Just Grown-up Kids: Truths from the Global Leadership Summit 2013

If I could rewind the last 48 hours and invite each of you to come to the 2013 Global Leadership Summit, I would. This is Adam and I’s third year attending the Summit, and every year we leave with renewed focus and with our leadership fires lit for the coming year.

The last two years, I took so many notes in our Summit notebook that I treasured the books as gold at the end of the two days- pages full of insights that I could refer back to throughout the coming year. BUT this year with a four-month old in tow, my notes are a little sparse (to say the least). In spite of that I’d like to share with you a few themes that I heard during the Summit that have especially tugged at my heart- things that I believe God put me there to hear.

Grown-ups are really just big kids.

This thought was a passing comment that Patrick Lencioni jokingly said while discussing his book, The Three Signs of a Miserable Job: A Fable for Managers, which digs into the reasons why people hate their jobs, underperform or leave. Lencioni was referring to our need as humans to belong. to be heard. to be seen. to be known. We “grow up” and pretend that we don’t need anyone else. That we can make it on our own. But reality is that everyone needs to be seen and known. If you are in or have been in a workplace (or church) where this was not the case, you know that it can make you miserable.  This became the theme of my Summit experience preparing me for the other lessons that I needed to hear.

What kills love kills organizations.

Dr. Brene Brown authentically delivered a challenge to leaders to break down their walls of pride. Dr. Brown reiterated the need for people on my team, for the (little and big!) people in my home to be seen and known- to be loved. Her research found that what kills love kills organizations:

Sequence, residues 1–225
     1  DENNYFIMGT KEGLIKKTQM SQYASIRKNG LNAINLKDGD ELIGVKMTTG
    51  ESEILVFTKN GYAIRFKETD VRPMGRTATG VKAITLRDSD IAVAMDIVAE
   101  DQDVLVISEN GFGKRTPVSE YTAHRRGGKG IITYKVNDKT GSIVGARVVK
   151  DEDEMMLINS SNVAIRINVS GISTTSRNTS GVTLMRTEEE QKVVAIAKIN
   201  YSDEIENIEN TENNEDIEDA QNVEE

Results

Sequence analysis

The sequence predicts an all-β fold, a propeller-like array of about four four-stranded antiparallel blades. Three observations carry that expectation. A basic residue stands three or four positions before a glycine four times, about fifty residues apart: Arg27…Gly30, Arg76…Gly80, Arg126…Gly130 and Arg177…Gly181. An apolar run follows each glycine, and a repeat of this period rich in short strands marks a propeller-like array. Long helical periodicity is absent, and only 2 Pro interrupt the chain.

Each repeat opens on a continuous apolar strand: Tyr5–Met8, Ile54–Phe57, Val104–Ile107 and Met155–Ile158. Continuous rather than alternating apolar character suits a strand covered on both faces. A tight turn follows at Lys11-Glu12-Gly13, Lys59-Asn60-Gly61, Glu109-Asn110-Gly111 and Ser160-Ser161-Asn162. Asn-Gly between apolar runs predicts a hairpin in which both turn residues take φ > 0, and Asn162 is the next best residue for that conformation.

• Shame
  • Blame
  • Lack of Respect
  • Betrayal
  • Withholding

Two of my favorite quotes from Dr. Brown- “We are so desperate to belong that we will form groups of intimacy based solely around people (or things) that we hate.” And “You can have courage or you can have comfort, but you cannot have both. They are mutually exclusive.”

Time spent alone is wasted time that you could be investing in the next generation.

This shot to my heart like a bullet. Pastor Oscar Muriu challenged me to get off the couch, get out of my comfort zone and get in the leadership game. No excuses, even being the mommy of little kiddos. My kiddos are the most obvious future leaders that God has entrusted to my stewardship, but they are not the only ones. I am fortunate to be working with an awesome group of young women at my church through the youth group program, but I can do more with them! Look around you- where can you dive in to start now to encourage leadership in the next generation?

I wish I could connect all of the dots for you and deliver a neat and compact summary of the Summit, but trust me, it just isn’t possible. The best I can do is encourage you to attend next year (it is hosted at 230+ sites around the world- there’s probably one near you!) and check out their website and social media feeds for more in-depth followup.

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